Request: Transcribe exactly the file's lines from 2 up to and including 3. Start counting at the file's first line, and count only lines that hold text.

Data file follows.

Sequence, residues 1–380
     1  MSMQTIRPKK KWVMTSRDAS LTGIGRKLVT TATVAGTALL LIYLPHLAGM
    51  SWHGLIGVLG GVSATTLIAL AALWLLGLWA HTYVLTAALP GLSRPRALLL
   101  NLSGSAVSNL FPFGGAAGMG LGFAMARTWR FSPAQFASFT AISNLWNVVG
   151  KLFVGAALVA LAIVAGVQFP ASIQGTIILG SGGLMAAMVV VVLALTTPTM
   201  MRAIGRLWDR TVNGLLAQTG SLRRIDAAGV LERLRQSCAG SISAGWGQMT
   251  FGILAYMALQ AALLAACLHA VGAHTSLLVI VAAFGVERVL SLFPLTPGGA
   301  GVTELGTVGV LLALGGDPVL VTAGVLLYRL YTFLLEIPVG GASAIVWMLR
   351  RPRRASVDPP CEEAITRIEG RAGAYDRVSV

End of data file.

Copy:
     1  MSMQTIRPKK KWVMTSRDAS LTGIGRKLVT TATVAGTALL LIYLPHLAGM
    51  SWHGLIGVLG GVSATTLIAL AALWLLGLWA HTYVLTAALP GLSRPRALLL